Article by Joe Celko (71062.1056@CompuServe.COM)
Role playing and simulation games have introduced dice in noncubic shapes, but the traditional spotted cube has endured the test of time. In fact, dice are credited by several historians as the oldest gambling device invented by man. I would like to take some time to give the humble cube another, more detailed, look. This is not so much an article as a collction of interesting facts.
I will assume that every gamester knows that the opposite faces of traditional dice total to seven (16, 25, 34). But did you also know that there are two ways that the spots can be arranged on the cubes, so that you have right and left handed dice. One arrangement is the mirror image of the other. All Western dice are now made with he same handedness; if you place a die on the table with the one spot face up and turn it until the two spot is toward your left, the three will be to the right.
Now get some Japanese, Chinese and Korean dice. The first thing that you will notice about Asian dice is that the one spot is very big and it is painted red. Chinese and Korean dice also paint the four spot red. Japanese dice are handed in the same direction as Western dice, but Chinese dice are not. Western dice put the two spot on opposite corners of the face, Asian dice stack the pair of spots on each other along the middle axis of the face. Asian dice are also usually smaller and are very often used in sets of three, instead of in pairs.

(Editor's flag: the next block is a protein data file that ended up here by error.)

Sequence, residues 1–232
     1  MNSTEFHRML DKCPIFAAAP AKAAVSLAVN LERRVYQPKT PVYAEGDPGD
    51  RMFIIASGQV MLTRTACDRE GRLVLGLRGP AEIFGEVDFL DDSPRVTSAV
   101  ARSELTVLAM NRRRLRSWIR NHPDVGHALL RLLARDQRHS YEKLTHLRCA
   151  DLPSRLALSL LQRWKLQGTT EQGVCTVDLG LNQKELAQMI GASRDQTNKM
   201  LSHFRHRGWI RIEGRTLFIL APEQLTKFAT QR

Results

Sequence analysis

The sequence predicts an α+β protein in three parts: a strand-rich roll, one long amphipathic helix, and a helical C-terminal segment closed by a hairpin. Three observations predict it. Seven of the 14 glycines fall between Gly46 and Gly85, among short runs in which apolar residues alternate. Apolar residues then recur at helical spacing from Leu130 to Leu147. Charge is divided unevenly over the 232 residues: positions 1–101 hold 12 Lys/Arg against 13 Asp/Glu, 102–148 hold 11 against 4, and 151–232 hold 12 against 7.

The first principle of cheating is that you don't have to win all the time; you just want to win most of the time. Loaded dice have weights inside them which favor the dice landing on the side with the weights. To prevent this, modern dice are made from clear plastic which will allow you to see that they are made of uniform material. To get around this, modern crooks use clear weights or add the weights (which can be lighter or heavier than the dice material) to the solid colored spots.
Another trick is to use dice that are not perfect cubes, so that they will tend to land on the largest face; these are called "shapes" for obvious reasons.
Ever wonder why you see people in crap games in the movies blowing on the dice before they shoot them? Another method for cheating is to paint the dice with a clear sticky substance which is activated by the moisture in your breathe.
Since you can see only three faces of a die at one time, you will find crooked dice called "horses" (before you ask, I have no idea where that name comes from) which are not spotted correctly. This means that certain combinations are impossible to throw, and other totals are more likely than they should be.
An interesting idea for making "honest horses" comes from Col. George Sicherman of Buffalo, NY. He found an irregular arrangement of spots which has the same probability distribution of its totals as a regular pair of dice. One die is spotted (1, 3, 4, 5, 6, 8) and the other is spotted (1, 2, 2, 3, 3, 4). Here is a table of throws and totals for traditional and Sicherman dice:
Traditional Dice  Sicherman Dice  



You can also use a regular die and one spotted (0, 0, 0, 6, 6, 6) to get an uniform distribution of numbers from 1 to 12.